Mind Over Matter
MyLife Essay Contest 2016
Something many people can relate to is a feeling of endlessness. A feeling of despair, where our hearts and our minds want to just give up hope on this rat race we call life. We feel challenged beyond our reach. The feeling of climbing the mountain and never reaching the top. The challenges never come to an end either. When we finally overcome the endless battle, lo and behold the Merciful One yet again hits us in the face with a seemingly endless list of problems that stop us from facing the simplest of daily activities like getting out of bed and enjoying casual down time. It’s everywhere. That feeling of doubt. The unknowing abyss which our hopes are thrown into. Bad attitude. Failure. Repression of personal expression. In essence, our own negative mindsets.
Mindset is the key. We know through Chassidic doctrine that the key to everything is mind over matter. In life, no matter what we’re faced with, the way we perceive our situation, generates the greatest or smallest possible outcome. The Lubavitcher Rebbe, Rabbi Menachem Mendel Schneersohn, discusses in many of his talks1 about the importance of infusing everything we do, including the most trivial of daily tasks, with joy. Instead of beating ourselves up over how small we are or how much more we could do, we should rather focus on the positives and how to fully tap into our potential in order to make the world a better place. He says, ‘The best way of doing so is through joy.’
The Alter Rebbe, Rabbi Shneur Zalman of Liadi the first Lubavitcher Rebbe, writes that his entire magnum opus the Tanya, is based off of one line “Because this matter is very close to you with your mouth and with your heart to do it.2” What is this idea of mouth coming before the heart? A person must tell himself that he can do it. His heart must feel the absoluteness of the idea that his mind is saying to him through action. By actual speech, by telling oneself that we are never actually far from overcoming our challenges or any obstacle that we may face in life, one will be able to fully create the actualization of positive energy in the world specifically within one’s own mind. And this will in turn affect his heart to realize the positivity that became his mindset.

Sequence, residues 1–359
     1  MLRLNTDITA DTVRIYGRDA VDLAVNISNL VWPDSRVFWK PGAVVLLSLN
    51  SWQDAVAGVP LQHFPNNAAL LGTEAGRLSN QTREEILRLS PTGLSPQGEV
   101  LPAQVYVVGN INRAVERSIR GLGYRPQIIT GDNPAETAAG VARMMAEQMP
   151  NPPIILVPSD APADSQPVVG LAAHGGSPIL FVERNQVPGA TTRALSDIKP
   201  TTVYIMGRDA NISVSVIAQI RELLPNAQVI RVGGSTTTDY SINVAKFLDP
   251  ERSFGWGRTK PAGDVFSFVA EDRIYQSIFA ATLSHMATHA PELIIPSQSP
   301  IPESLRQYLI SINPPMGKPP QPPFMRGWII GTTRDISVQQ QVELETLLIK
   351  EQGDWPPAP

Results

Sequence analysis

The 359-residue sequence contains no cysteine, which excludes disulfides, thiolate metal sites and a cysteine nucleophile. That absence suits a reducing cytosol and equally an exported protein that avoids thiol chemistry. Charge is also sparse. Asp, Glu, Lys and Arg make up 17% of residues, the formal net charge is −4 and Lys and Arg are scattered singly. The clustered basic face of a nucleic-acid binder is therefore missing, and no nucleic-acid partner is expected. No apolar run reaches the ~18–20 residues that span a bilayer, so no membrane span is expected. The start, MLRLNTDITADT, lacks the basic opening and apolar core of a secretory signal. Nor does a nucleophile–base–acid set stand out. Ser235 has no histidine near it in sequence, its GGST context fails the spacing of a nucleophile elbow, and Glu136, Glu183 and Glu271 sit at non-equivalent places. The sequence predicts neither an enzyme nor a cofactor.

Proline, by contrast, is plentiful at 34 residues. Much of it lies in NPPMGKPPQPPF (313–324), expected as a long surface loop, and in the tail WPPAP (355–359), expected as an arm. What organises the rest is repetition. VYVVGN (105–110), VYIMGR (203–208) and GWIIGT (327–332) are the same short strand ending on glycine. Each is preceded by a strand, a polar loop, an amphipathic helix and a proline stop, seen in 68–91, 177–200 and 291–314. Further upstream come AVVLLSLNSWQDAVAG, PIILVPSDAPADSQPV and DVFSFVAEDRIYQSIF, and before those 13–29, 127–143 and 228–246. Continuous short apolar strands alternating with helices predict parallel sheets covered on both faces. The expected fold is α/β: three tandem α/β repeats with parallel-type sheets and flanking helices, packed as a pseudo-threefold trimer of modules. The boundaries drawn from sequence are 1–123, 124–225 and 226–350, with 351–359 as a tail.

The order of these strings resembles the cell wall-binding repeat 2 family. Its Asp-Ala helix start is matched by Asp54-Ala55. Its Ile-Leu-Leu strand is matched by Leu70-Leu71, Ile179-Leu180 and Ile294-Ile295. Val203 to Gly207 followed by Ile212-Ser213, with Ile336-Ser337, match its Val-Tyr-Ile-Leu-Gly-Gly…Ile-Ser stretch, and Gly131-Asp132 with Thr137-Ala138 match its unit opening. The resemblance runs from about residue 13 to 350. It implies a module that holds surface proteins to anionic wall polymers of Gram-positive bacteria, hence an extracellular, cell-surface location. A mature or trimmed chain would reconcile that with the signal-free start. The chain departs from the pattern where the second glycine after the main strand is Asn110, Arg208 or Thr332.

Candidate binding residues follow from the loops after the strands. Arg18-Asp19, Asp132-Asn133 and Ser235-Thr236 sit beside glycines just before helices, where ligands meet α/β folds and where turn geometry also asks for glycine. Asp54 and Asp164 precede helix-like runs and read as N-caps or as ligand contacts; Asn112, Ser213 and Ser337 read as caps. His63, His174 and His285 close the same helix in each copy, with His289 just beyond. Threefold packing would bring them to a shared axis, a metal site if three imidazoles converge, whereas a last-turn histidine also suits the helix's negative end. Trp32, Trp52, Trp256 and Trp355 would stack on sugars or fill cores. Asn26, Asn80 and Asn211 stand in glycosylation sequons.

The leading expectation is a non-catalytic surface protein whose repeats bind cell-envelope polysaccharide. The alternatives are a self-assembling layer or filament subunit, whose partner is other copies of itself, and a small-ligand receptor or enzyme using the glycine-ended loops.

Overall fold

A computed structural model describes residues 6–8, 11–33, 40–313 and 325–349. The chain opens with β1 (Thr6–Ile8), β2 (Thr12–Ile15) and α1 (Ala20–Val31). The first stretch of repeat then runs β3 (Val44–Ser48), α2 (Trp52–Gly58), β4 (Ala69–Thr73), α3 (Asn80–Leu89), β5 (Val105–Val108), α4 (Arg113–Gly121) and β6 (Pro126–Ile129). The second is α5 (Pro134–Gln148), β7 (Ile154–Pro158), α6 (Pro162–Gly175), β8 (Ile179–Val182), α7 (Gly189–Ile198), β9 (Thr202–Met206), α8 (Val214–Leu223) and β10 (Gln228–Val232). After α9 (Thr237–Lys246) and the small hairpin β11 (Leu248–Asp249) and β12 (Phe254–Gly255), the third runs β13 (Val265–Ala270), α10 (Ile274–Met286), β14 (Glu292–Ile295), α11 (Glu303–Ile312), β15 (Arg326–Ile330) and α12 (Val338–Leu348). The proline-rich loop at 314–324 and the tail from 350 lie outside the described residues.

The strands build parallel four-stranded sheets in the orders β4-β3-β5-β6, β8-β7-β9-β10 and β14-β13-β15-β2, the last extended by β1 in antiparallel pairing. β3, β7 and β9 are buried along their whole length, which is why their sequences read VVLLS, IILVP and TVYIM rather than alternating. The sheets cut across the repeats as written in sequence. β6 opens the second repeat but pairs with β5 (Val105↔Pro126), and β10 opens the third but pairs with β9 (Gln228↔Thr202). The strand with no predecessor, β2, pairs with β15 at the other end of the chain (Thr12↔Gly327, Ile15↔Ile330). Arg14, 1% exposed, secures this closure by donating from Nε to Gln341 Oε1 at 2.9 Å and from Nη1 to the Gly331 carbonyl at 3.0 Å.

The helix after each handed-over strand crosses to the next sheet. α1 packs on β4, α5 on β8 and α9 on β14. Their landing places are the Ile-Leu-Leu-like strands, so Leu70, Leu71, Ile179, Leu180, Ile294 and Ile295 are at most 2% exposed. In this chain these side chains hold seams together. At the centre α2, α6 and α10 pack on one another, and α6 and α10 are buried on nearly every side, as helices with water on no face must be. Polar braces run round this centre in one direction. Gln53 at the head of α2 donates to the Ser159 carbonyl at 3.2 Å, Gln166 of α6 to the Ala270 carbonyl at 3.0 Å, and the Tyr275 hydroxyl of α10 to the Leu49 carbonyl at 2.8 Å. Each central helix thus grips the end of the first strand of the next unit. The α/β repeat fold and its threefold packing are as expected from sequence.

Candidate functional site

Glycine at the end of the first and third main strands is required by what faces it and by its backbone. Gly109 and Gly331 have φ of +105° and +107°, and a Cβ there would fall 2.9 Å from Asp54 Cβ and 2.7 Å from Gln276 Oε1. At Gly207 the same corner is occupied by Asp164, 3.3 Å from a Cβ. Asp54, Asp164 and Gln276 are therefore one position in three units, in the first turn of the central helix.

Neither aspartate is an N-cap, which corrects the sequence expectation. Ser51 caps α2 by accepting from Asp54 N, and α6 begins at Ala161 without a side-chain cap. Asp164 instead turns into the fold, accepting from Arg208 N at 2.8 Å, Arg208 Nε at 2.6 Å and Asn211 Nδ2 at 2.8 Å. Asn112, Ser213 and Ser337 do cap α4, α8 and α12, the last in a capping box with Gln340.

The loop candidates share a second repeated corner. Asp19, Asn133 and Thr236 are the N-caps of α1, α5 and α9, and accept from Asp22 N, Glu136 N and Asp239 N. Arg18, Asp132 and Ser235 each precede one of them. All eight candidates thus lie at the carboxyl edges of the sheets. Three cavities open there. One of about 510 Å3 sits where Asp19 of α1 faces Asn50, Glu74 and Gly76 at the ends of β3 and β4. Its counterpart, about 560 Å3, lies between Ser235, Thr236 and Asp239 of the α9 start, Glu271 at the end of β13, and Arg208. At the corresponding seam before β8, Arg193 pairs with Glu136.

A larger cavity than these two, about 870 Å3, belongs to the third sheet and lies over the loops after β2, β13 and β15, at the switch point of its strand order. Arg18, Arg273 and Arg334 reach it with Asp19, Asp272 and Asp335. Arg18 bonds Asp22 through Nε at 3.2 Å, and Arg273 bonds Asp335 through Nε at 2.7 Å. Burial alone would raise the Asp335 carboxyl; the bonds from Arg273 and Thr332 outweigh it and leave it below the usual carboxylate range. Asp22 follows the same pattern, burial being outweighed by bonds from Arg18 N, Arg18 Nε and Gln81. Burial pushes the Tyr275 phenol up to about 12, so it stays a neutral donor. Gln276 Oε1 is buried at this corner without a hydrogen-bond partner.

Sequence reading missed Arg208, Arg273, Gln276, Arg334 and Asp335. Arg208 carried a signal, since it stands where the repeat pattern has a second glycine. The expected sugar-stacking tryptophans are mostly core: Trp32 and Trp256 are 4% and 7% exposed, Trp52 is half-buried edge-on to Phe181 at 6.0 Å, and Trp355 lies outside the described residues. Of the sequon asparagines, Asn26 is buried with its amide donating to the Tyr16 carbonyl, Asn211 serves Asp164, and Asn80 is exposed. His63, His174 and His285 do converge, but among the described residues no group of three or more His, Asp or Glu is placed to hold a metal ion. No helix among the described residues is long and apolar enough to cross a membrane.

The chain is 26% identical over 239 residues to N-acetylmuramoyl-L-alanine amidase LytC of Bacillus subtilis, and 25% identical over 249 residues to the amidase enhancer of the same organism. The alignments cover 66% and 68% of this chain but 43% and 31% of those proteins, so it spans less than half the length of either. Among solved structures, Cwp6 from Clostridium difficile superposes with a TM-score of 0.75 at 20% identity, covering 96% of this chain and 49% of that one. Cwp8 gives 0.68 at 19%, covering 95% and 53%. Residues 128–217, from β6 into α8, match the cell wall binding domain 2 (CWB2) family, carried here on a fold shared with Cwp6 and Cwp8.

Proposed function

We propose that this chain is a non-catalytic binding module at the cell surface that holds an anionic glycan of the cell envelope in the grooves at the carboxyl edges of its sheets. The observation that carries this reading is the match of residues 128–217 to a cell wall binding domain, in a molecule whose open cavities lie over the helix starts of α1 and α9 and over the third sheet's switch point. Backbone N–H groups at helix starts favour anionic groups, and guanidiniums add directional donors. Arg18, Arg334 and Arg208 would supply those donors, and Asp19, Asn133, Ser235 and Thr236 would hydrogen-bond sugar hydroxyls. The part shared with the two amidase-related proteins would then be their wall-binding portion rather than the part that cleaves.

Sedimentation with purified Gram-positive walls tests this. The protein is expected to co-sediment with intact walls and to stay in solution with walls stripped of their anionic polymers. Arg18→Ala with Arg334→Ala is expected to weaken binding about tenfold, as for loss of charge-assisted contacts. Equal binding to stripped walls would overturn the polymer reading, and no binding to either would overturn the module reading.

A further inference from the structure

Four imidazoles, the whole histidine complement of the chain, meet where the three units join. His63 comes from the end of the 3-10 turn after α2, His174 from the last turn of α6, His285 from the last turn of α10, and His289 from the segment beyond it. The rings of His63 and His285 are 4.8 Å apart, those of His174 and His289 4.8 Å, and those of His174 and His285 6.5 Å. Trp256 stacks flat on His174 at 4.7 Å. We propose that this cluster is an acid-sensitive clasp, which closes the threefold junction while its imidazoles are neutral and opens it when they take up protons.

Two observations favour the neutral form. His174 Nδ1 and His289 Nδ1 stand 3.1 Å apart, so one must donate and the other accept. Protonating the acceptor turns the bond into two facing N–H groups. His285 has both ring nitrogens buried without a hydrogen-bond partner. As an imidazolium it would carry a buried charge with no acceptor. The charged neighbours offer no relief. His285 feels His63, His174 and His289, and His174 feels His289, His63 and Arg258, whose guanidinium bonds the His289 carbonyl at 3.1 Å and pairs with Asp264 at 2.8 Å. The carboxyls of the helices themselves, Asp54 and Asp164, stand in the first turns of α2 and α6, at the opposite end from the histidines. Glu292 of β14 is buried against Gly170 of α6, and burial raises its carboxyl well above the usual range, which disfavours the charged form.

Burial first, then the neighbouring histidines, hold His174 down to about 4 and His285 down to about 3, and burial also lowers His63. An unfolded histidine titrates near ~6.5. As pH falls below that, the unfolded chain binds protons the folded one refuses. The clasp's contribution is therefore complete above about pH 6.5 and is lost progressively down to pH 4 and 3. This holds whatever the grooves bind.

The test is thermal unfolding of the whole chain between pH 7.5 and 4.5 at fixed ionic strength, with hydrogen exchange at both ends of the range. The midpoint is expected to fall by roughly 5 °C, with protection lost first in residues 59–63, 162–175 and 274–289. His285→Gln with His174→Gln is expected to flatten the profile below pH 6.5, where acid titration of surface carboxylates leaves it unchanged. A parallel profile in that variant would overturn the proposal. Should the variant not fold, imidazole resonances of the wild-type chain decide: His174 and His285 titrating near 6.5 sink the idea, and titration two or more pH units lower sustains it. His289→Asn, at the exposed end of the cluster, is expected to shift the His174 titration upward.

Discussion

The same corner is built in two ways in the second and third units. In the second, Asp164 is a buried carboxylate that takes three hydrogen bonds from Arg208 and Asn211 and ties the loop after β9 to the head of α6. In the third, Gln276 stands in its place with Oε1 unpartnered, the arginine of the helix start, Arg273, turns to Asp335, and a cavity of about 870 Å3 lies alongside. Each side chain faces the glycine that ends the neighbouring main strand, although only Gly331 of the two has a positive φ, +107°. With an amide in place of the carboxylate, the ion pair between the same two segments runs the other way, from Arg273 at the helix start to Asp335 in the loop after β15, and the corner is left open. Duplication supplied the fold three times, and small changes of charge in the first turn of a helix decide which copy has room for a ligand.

The Alter Rebbe writes in a chassidic discourse3, about a major fundamental question within Jewish scripture. The idea that G-d creates the world anew through speech alone every single day, as speech by G-d is considered an action. This poses the question: If every single day the world is created anew via G-d’s speech, how can this be reconciled with G-d resting from his active creation on the Sabbath? How does He recreate the world on the Sabbath if He has to refrain from performing an action? Through much back and forth critical analysis, the Alter Rebbe concludes that G-d has the ability to create with thought itself and that is the way he recreates the world on the day of rest. Without lifting his “hand” per say rather through his divine thought.
Although we are not G-d, and it seems a far off concept, this sheds light onto the idea of our own world being created by our own thoughts. A person’s self expressive limitations are only created by the mindset of not being able to or not having the control in one’s own life to do what he wants to do. If we are an expression of the limitless G-d himself, what is stopping us from doing what we want to do if not for our own manifestation as a physical being versus a G-dly one? Man can achieve much more than what is accepted to be humanely possible by just pushing the boundaries of logic.
The Rebbe Rayatz, Rabbi Yosef Yitzchak Schneersohn, the sixth Lubavitcher Rebbe writes that “Thinking is potent4.” The idea that our minds generate actual energy has been studied for centuries. But, what generates our ability to create and manifest anything we want into a physical reality? We do. The only thing stopping a person from turning himself into a positive thinker is the person’s own perception of his reality. Whatever the mentality may be. The victim mentality or the introvert or even the pessimist. But how can a person just change?